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Helen Jones: To ask the Secretary of State for Environment, Food and Rural Affairs what assessment she has made of the effect of introducing a development box into the World Trade Organisation agreement on agriculture; and if she will make a statement. 
Mr. Morley [holding answer 17 June 2002]: The creation of a development box would be one way of giving effect to the important Declaration made at Doha last year that special and differential treatment for developing countries must be an integral part of all elements of the WTO agriculture negotiations. Current proposals for such a box contain several elements, including provision for developing countries to reduce
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Helen Jones: To ask the Secretary of State for Environment, Food and Rural Affairs what estimate she has made of the contribution made by the average UK family to the CAP by (a) contributions made through tax, (b) increases in prices and (c) other means in the last 12 months. 
We estimate that, in 2000, a notional UK family of four paid £4-£5 per week in higher food prices as a result of the CAP. UK taxpayers do not contribute specifically to the CAP; rather they contribute to the EU budget as a whole. Total EU payments in 2000 were approximately £51 billion (euro 83 billion), of which around £25 billion (euro 40.5 billion) was spent under the CAP. The UK currently provides around 13.5 per cent. of total budgetary contributions.
Mr. Morley [holding answer 17 June 2002]: Market price support in the UK dairy sector was equivalent to around £900 million in 2000, the latest year for which data is available. In addition the dairy sector will have received a substantial share of the £260 million paid to livestock producers through the Over Thirty Month Scheme. The agricultural census undertaken in June 2000 records 2.3 million dairy cows in the UK.
Helen Jones: To ask the Secretary of State for Environment, Food and Rural Affairs what proportion of common agricultural policy funding went to UK farmers broken down by (a) under eight European size units, (b) eight to 39 ESUs, (c) 40 to 99 ESUs, (d) 100 to 199 ESUs and (e) 200 and over ESUs in the last 12 months.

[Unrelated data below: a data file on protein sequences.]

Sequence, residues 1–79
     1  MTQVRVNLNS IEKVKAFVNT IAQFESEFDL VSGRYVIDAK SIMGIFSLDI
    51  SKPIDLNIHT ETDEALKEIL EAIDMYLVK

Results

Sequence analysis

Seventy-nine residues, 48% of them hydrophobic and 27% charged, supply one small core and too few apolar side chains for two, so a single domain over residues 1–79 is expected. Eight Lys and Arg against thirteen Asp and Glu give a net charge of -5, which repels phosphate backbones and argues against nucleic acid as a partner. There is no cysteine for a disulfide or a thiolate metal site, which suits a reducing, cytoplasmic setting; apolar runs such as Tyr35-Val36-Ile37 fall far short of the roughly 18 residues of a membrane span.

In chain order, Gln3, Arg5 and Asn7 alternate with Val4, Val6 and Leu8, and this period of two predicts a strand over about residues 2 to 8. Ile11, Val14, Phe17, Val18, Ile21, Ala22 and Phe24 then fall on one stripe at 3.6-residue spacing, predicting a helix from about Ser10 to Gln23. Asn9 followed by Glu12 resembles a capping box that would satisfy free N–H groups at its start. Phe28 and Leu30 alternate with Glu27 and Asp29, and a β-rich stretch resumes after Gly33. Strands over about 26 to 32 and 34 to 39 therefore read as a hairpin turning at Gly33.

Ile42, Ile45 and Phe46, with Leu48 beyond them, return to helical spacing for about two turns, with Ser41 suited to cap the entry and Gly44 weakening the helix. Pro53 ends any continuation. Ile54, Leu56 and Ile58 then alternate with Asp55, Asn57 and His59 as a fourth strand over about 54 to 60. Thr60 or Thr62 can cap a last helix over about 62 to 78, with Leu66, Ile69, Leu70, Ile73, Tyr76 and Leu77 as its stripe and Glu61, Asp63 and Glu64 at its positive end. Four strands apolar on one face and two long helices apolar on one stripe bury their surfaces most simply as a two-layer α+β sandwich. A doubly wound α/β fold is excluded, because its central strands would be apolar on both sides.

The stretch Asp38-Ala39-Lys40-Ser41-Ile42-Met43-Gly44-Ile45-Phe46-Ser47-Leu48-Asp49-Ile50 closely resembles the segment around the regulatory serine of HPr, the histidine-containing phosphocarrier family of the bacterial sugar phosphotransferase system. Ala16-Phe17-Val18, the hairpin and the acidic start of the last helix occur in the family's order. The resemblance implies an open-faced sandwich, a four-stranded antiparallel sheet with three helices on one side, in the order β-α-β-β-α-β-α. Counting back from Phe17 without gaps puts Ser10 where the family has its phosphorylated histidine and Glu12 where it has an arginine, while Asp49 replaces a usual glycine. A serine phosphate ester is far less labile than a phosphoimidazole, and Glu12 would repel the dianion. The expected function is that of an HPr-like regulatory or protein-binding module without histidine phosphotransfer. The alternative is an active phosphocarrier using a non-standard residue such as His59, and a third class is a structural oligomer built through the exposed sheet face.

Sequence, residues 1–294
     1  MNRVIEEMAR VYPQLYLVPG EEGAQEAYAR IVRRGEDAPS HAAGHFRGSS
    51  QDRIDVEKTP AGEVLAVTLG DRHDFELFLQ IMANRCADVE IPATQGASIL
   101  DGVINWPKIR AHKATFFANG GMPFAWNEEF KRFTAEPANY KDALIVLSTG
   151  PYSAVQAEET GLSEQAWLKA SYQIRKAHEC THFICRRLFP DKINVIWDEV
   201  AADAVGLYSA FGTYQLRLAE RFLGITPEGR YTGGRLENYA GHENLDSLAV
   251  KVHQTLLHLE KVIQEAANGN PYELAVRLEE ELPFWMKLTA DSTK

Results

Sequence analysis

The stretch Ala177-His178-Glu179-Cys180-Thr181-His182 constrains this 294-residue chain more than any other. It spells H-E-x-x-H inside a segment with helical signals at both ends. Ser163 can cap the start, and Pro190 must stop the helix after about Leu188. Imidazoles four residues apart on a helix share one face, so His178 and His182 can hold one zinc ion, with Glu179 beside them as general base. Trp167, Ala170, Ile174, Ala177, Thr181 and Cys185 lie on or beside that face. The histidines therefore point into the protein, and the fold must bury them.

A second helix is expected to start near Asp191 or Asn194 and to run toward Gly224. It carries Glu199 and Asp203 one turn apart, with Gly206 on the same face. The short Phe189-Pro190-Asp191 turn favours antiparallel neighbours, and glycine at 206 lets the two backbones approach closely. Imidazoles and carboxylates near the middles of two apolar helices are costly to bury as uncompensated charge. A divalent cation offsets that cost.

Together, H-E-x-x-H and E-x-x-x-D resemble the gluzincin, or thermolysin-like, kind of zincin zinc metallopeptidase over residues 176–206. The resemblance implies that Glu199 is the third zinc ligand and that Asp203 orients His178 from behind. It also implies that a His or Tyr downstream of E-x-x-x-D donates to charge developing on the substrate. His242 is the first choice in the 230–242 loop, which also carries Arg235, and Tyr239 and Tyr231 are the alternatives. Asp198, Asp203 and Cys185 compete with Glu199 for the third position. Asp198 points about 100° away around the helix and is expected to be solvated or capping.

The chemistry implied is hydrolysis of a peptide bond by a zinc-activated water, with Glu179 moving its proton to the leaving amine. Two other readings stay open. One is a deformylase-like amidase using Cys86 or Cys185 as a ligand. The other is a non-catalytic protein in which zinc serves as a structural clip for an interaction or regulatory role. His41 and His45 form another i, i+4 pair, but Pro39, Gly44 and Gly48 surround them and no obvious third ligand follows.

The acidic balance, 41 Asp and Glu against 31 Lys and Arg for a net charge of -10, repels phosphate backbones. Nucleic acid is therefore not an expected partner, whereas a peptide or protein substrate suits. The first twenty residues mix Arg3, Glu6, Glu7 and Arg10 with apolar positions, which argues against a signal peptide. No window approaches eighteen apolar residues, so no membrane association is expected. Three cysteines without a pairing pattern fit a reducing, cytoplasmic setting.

Mr. Morley [holding answer 17 June 2002]: Exact data on payments under the CAP in the UK cannot be stratified according to the size of farm, e.g. in terms of European size units. The farm business survey provides estimates of direct subsidy receipts for the average farm in England. The latest estimates are given in the following table.
|All farm types|
|100 and above ESU||46,300|
(7) Average per farm
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subsidies received, including some nationally funded schemes. They represent only direct payments to farmers. They do not include the additional support that farmers receive from the consumer, through CAP market support policies.
Mr. Lidington: To ask the Secretary of State for Environment, Food and Rural Affairs what estimate she has made of the total costs under phase one of the national scrapie plan of (a) the identification and registration of rams, (b) the registration of farms, (c) the collection of blood samples and their dispatch to the laboratory, (d) the laboratory testing of blood samples to establish genotypes, and (e) certification. 
Mr. Morley: Information is not available in the format requested. A major part of the costs under (a), (c) and (e) relates to the administrative costs of the state veterinary service, and a breakdown of the service's costs by those categories is not available. As regards (b), the national scrapie plan does not maintain a specific and separate register of farms.
Expenditure on the genotyping schemes for both the registered and non-registered sectors which have already been launched under the national scrapie plan will depend on levels of uptake under what are voluntary schemes. Estimated annual expenditure is given in the table for different levels of assumed uptake. The figures exclude the administrative costs of the state veterinary service and IT costs.